English: Signage for hostess bars in Kabukicho, Tokyo. (Photo credit: Wikipedia)
by Robert Moorehead
At the beginning and end of each semester, my college faculty and staff gather for a fancy meal at a restaurant before a smaller group moves on to an Irish pub for a nijikai (second round of drinking). The nijikai crowd eventually shrinks down to a smaller group that heads to a third bar, for a sanjikai. At each place, everyone shares stories, laughs, and enjoys each other’s company in a mix of Japanese and English. Despite the fun, at the third stop I had a “gaijin moment.”
A “gaijin moment” is my Japanese adaptation of Eli Anderson’s “n**r moment,” in which non-Japanese are starkly reminded of their outsider status in Japan. In this case, the reminder came despite the smiles, laughter, and joyous karaoke singing of my colleagues.
The sanjikai took place at a small Japanese-style bar. The 16 people in our group settled in on couches in the back of the bar, as three Japanese hostesses came over to pour drinks for us, serve us snacks, and engage us in conversation. Thankfully, these women avoided the more dramatic flirting found in hostess bars, where the job is to flirt with customers, smile, sing, and get customers to buy drinks—what Rhacel Parreñas has defined as a form of sex work. (Anne Allison and Parreñas have produced great ethnographies of hostess work, for those interested.)
A Japanese woman in her 30s sat across from me and another foreign professor, poured us some watered-down drinks, and asked questions that non-Japanese often get—do you speak Japanese, where are you from, how long have you lived in Japan, etc. To her credit, she avoided exaggerated responses like “Oh really? Wow! That’s great!” Or maybe she read the look I probably had on my face.
English: Kabukicho, Tokyo (Photo credit: Wikipedia)
While I understand the history of the hostess role, I also understand the gender dynamics of paying women to serve me. Pouring drinks, wiping moisture off the glasses, re-filling drinks (with extremely watered-down booze), clapping their hands in time to the karaoke singing, and pretending to be interested in whatever I might say. I couldn’t separate their smiles from the fact that they were being paid to show those emotions … that I was paying them for those emotions.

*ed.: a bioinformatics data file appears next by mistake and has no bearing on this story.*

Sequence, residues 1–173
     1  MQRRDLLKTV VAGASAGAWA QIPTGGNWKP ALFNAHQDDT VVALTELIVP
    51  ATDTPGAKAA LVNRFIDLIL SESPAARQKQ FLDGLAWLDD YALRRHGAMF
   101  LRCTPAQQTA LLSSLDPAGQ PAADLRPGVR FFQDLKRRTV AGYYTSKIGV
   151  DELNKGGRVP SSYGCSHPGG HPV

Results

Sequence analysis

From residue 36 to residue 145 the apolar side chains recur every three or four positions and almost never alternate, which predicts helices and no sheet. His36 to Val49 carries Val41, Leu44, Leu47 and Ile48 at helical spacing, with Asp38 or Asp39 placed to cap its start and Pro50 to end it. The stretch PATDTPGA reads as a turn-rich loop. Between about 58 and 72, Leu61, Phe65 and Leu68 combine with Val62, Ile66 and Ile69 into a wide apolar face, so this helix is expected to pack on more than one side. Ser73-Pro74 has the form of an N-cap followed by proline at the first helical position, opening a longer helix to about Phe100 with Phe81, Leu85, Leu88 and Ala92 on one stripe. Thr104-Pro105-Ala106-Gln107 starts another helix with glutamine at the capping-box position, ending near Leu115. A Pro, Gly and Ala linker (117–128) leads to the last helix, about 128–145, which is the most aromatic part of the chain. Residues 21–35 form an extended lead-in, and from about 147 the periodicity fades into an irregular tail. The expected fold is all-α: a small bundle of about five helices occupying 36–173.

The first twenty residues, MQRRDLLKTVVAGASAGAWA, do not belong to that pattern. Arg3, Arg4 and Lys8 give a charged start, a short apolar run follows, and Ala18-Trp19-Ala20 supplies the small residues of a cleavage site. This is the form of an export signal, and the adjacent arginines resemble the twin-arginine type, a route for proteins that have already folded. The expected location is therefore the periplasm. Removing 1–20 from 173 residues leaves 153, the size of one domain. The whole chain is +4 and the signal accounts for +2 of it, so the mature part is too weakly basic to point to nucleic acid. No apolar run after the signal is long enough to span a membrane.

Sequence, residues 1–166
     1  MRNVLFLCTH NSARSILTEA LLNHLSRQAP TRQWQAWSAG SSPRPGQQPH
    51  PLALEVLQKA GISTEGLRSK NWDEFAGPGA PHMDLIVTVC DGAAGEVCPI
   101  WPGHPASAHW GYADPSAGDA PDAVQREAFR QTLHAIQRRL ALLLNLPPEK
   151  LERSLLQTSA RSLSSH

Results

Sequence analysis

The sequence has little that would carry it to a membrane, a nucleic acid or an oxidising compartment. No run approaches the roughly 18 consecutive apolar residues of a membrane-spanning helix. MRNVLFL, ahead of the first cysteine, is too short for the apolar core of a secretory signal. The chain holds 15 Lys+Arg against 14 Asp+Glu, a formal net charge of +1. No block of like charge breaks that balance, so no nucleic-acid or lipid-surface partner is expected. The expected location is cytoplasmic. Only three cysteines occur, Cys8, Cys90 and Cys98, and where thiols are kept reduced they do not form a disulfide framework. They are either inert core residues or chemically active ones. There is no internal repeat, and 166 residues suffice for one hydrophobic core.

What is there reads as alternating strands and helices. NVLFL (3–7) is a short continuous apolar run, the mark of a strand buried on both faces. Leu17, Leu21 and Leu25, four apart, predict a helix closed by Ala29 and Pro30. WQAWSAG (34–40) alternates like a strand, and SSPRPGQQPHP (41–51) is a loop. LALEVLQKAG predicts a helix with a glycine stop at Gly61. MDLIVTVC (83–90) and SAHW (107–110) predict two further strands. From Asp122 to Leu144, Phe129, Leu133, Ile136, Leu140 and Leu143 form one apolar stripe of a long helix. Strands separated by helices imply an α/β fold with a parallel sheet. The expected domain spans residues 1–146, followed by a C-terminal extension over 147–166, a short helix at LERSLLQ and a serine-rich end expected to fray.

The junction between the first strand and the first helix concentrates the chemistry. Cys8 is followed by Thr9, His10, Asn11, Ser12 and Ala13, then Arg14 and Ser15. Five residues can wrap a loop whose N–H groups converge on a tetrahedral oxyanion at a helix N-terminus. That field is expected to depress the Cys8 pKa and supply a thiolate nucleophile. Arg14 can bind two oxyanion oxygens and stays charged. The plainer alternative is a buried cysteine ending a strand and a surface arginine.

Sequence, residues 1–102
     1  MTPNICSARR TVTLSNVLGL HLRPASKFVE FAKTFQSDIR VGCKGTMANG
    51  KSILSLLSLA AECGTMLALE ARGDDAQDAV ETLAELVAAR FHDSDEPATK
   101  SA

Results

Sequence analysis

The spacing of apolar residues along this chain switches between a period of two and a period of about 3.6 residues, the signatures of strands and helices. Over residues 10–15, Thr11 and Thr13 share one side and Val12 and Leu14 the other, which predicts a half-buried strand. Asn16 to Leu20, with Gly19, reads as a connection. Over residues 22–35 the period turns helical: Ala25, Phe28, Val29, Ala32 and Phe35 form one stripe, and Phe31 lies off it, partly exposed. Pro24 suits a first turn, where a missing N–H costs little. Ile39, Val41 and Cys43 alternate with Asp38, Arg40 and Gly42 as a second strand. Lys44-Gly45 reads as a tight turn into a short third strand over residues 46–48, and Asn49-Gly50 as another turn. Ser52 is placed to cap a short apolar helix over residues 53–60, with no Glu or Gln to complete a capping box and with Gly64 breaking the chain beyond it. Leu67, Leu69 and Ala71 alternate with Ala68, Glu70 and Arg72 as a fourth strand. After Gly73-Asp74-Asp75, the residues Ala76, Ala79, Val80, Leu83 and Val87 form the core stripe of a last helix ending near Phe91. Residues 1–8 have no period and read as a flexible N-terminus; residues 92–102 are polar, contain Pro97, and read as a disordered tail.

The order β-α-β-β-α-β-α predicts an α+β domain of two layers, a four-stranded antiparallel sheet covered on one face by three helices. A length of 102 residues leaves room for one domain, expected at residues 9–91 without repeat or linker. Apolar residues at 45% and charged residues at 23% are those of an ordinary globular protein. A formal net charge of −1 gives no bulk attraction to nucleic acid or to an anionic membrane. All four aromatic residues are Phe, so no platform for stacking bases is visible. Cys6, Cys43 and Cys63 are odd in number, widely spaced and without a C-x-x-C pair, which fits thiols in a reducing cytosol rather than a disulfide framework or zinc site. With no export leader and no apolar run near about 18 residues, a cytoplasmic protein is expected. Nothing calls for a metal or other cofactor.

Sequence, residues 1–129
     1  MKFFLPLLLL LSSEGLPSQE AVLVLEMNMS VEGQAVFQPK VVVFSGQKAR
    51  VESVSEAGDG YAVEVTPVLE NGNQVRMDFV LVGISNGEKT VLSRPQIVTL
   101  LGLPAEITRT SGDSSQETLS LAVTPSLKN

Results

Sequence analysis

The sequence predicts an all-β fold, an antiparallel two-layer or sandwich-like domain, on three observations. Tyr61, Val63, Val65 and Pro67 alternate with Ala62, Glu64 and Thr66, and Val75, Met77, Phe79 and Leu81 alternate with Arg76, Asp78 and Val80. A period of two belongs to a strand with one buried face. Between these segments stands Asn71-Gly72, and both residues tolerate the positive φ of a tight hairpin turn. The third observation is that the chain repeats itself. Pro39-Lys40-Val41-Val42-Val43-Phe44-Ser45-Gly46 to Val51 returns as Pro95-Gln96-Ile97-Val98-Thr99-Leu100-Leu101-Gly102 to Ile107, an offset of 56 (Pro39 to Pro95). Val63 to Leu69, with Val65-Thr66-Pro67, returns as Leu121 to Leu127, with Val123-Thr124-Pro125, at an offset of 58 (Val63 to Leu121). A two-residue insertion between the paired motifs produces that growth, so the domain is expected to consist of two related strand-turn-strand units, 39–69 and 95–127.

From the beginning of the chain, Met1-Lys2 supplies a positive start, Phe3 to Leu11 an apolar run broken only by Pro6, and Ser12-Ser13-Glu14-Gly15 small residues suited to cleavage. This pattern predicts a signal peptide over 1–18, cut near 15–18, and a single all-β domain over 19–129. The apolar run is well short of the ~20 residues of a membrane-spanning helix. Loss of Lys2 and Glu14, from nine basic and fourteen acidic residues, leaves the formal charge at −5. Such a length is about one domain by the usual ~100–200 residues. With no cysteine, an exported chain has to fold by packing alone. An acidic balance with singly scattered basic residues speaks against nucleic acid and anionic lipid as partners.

At that moment, I realized that I am unable to turn off the sociologist in my head. I couldn’t get comfortable with the hostess-customer relationship. While there’s no shame in working as a hostess, I would have preferred to have gone to Ing, a rock bar that several of us had unsuccessfully lobbied for. At least the bar we went to was better than the place we’d gone to previously, a depressingly dark bar where the hostesses routinely yawn, check their watches, serve stale snacks, and pour drinks that are essentially watered-down gasoline.
Then came calls for me to join the karaoke. I demurred, as I listened to my colleagues sing one Japanese song after another, from pop to rock to dance music, generations of Japanese songs I had never heard. A few English classics, like Elvis Presley, the Beatles, and Frank Sinatra, made their inevitable appearance. But it was the endless medley of Japanese songs that made me feel like a gaijin. Everyone was nice enough, and even the hostess eventually moved on to other people. But sitting through song after song that I had never heard before, but all my Japanese colleagues seemed to know by heart, made me realize that, despite all the music that we had in common, we grew up listening to very different things.
Black Sabbath 1977 Ozzy Butler Iommi – “Reality Show” (Photo credit: Whiskeygonebad)
Odds are that if my Japanese colleagues had found themselves listening to people (try to) sing the heavy metal and rock tracks I grew up with (time for some Black Sabbath or Iron Maiden karaoke, anyone?), they would have felt similarly. As people pushed me to look for songs to sing, I drew a blank. Feeling like an outsider, I couldn’t even think of what I’d look for. Not that I really wanted to sing, but I felt like such an outsider that I couldn’t imagine anything I liked being in the computer system.
Eventually, I got forced to sign the last song of the night, and while people were originally searching for “Hey Jude,” I got stuck with “We Are the World.” Seriously. It would not have been my first choice, or my second, or my 153rd.
The next day, all sorts of songs popped into my head, making me wonder even more about what had set me off. After more than 7 years in Japan, it’s interesting to see that I can still feel like a total gaijin.
So a little empathy is in order whenever a native complains about foreigners not fitting in. Fitting in is a long, bumpy road. And just when you think you’re in the clear … more bumps.